Director Robert Rodriguez (Spy Kids, Grindhouse) has finally released a studio album's worth of Chingon, the mariachi-rock band he first formed in order to score his own 2003 action flick Once Upon a Time in Mexico. Following that project, Quentin Tarantino asked Rodriguez to contribute "Malaguena Salerosa" to the end credits and soundtrack CD to Kill Bill: Vol. 2. Since then, Chingon, which is made up of a rotating cast of musicians from Austin, Texas, recorded the rest of the fiery songs now appearing on Mexican Spaghetti Western.
Like a Rodriguez movie, Mexican Spaghetti Western doesn't take itself too seriously and is a whole lot of fun. "Se Me Paro" pounds the eardrums courtesy of drummer Rafael Gayol, with Rodriguez himself and two other guitarists layering different textures throughout what's essentially a party tune. The spooky whistling of "Fideo del Oeste," meanwhile, recalls director Sergio Leone and composer Ennio Morricone's legendary collaborations, making this six-minute instrumental sound like an updated theme from a, well, neo-Spaghetti Western. However, we could have done without yet another version of the goofy cockroach song--here called "Cuka Rocka" instead of the traditional "La Cucaracha."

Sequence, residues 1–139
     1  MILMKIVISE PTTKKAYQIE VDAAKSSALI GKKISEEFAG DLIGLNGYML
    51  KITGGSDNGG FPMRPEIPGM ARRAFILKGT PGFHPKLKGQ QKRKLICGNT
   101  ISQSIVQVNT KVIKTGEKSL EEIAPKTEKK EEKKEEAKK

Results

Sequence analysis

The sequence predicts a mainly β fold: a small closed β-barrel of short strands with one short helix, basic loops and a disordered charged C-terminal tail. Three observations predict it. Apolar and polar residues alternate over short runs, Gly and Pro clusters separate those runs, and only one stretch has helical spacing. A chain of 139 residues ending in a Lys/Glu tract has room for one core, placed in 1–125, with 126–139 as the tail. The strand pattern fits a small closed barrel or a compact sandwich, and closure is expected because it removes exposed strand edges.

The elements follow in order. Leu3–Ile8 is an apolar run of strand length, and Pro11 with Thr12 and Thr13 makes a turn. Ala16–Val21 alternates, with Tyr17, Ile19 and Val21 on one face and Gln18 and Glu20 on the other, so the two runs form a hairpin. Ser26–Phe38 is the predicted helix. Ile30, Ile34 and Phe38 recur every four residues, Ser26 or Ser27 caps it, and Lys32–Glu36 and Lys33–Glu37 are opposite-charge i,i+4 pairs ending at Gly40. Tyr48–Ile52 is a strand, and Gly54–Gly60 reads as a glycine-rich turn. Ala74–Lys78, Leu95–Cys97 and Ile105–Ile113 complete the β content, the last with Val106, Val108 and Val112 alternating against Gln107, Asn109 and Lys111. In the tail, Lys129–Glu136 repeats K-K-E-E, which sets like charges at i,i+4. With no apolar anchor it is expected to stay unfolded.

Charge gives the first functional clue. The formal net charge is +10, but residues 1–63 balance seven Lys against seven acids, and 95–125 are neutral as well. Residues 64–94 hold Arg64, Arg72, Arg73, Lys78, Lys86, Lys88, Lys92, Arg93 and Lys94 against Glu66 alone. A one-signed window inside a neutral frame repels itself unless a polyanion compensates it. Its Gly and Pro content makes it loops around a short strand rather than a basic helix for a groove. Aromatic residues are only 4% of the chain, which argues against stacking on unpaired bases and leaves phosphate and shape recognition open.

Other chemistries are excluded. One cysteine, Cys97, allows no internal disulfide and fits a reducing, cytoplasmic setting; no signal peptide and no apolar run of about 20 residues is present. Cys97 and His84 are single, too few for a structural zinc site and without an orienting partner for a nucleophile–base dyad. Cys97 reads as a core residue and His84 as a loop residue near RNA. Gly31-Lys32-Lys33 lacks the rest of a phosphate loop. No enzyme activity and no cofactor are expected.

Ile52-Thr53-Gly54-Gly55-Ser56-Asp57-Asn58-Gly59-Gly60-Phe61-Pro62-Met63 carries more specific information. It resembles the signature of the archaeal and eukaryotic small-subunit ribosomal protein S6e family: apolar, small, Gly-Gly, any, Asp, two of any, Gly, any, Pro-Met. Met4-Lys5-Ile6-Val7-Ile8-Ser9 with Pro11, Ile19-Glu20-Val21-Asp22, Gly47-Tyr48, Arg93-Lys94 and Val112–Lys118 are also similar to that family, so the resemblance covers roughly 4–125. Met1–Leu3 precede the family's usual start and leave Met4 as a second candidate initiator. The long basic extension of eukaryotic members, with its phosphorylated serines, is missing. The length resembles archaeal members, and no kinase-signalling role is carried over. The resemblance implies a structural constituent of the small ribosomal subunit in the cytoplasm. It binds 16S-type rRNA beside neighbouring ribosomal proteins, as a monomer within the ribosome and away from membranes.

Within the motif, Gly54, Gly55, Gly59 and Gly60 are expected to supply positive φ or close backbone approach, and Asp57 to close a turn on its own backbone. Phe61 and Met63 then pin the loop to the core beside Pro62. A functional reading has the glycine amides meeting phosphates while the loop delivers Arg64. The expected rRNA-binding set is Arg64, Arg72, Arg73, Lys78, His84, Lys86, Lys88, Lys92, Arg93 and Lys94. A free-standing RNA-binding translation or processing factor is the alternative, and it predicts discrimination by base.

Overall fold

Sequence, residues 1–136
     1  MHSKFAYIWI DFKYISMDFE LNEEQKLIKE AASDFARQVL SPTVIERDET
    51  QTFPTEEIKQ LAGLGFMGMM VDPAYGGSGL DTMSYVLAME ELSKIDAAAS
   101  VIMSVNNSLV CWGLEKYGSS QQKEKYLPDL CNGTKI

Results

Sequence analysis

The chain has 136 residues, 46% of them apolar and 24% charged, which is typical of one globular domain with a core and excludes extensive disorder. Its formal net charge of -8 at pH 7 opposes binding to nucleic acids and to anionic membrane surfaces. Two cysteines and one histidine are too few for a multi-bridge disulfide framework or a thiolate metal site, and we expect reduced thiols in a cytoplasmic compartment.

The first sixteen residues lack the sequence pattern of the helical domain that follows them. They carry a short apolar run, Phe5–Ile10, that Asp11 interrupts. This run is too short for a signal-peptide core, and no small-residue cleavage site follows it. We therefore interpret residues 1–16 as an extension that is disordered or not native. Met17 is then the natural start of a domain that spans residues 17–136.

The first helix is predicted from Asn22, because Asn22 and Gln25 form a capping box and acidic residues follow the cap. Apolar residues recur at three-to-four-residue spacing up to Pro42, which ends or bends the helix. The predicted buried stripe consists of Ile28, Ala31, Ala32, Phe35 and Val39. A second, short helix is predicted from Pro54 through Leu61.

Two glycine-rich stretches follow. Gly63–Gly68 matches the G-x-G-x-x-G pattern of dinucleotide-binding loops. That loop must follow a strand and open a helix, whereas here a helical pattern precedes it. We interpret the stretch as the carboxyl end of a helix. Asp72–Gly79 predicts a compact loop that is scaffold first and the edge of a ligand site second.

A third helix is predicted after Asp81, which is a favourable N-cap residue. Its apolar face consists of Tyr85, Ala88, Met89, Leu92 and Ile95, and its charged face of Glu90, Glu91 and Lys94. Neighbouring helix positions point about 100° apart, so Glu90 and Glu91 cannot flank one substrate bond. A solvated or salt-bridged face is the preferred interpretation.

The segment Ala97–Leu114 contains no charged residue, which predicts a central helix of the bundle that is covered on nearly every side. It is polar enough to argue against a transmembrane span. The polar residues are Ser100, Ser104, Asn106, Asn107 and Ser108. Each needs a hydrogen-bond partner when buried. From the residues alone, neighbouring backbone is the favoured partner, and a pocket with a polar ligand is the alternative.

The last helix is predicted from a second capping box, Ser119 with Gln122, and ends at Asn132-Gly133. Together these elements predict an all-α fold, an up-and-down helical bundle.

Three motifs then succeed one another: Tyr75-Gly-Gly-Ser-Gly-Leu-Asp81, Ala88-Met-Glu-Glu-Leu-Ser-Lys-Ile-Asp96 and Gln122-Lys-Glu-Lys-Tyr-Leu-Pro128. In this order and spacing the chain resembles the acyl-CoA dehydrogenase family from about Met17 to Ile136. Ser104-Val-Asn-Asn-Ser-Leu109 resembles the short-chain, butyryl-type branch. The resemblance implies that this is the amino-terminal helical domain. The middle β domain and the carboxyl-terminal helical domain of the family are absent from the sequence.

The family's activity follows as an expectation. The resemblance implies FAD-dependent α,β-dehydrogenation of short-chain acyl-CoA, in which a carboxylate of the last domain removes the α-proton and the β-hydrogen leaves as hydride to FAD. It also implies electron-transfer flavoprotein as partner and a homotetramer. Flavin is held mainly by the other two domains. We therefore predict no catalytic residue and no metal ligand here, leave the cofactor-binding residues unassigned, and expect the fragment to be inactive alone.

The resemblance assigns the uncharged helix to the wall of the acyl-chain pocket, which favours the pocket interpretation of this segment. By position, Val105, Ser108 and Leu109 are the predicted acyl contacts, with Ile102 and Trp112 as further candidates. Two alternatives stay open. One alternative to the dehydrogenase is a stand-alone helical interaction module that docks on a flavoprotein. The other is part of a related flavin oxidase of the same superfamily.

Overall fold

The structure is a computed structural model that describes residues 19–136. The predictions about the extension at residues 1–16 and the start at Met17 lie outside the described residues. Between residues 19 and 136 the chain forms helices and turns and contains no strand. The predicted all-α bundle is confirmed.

Listening to Salma Hayek torch-sing her way through the lovely "Siente Mi Amor," we wonder: What if, for a change, Rodriguez took an idea--any idea--seriously? Content with genre filmmaking and now pop music, he's in danger of being left in the dust of Mexican talent like Alejandro González Iñárritu (Babel). Ultimately, Mexican Spaghetti Western is a fast-food burrito: tasty but not too filling.